#4) Connecting product testing to real-time

You are participating in a competition. You are given a bag of grains. It’s a mixture of wheat and rice. To win a competition, you need to take out the wheat from that mixture. Time is limited. If you try to pick the wheat from the mixture manually, you have already lost the competition. Use your mind. Use a sieve and separate the wheat from rice. Isn’t it simple?

Now, co-relate it to your testing activity. Understand the concept, use relevant tools, keep yourself updated, do research in free time and increase your valuable treasure of knowledge. Whenever and whatever you test, try to correlate it with real-time scenarios and apply the same logic. Your testing task will become simple.

#5) Learning Priorities

Most of the time while testing software we face deadlines, pressure situations, and continuous hammering from the dev team. These all lead to the narrow down the scope of testing and we try to show the test result report as green as possible. And needless to say, this hurry to show the result report green makes our career with red question marks. :)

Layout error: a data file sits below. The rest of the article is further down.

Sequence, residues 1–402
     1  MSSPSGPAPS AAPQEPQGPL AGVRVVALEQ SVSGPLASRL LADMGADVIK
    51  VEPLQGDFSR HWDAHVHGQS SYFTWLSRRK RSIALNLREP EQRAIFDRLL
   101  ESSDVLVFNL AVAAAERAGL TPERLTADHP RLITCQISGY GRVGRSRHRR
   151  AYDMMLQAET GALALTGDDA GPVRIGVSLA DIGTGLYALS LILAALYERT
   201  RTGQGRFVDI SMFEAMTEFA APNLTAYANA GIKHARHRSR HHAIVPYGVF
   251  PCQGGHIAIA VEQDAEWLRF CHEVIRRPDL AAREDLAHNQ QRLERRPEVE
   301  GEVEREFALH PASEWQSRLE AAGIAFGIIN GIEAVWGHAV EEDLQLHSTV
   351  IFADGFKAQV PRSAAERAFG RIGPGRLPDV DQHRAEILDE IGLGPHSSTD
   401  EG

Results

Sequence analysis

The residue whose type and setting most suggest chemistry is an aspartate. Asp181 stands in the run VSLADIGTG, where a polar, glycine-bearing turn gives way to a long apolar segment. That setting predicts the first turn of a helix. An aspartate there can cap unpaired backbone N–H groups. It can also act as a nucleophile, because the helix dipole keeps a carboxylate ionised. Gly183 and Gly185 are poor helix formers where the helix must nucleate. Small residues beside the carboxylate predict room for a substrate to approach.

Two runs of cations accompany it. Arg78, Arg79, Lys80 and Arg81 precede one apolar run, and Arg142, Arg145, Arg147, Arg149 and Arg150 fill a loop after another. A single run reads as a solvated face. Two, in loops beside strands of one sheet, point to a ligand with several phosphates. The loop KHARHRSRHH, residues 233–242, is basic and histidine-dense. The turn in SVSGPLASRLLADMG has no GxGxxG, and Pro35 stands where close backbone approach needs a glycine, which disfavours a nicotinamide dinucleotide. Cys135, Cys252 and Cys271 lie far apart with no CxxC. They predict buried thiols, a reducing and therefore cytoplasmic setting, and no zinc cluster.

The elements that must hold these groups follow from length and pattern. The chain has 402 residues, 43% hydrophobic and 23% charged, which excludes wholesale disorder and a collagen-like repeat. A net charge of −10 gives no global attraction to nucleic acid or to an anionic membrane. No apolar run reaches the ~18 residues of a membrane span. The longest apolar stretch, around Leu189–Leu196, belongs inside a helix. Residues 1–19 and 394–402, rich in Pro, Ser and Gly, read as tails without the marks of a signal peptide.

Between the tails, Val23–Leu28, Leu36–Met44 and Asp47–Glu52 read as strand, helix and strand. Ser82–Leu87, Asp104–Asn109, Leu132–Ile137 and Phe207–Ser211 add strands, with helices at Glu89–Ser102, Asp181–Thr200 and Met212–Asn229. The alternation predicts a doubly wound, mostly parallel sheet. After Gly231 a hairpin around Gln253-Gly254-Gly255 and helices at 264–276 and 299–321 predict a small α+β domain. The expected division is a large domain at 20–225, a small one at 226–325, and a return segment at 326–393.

Yes, deadlines are always there. And with time we need to understand, learn, and practice priorities. Defining priorities while testing is an important part of making our task qualitative.

No matter, if a developer has asked you to check only functionality, you should take care of GUI and performance too. Because customer always wants a complete working product and for that, in situations, he may even consider extending the deadline!


This was my small attempt to educate all the testers on these common testing tasks. I hope you won’t forget these tasks now onwards.

About the author: This is a guest post by Bhumika Mehta. She is a project lead, carrying more than 7 years of experience in software testing. She appreciates good ideas and innovations but hates monotonic work, people and the environment.

As usual, I am excited about your questions and discussion. Please tune in…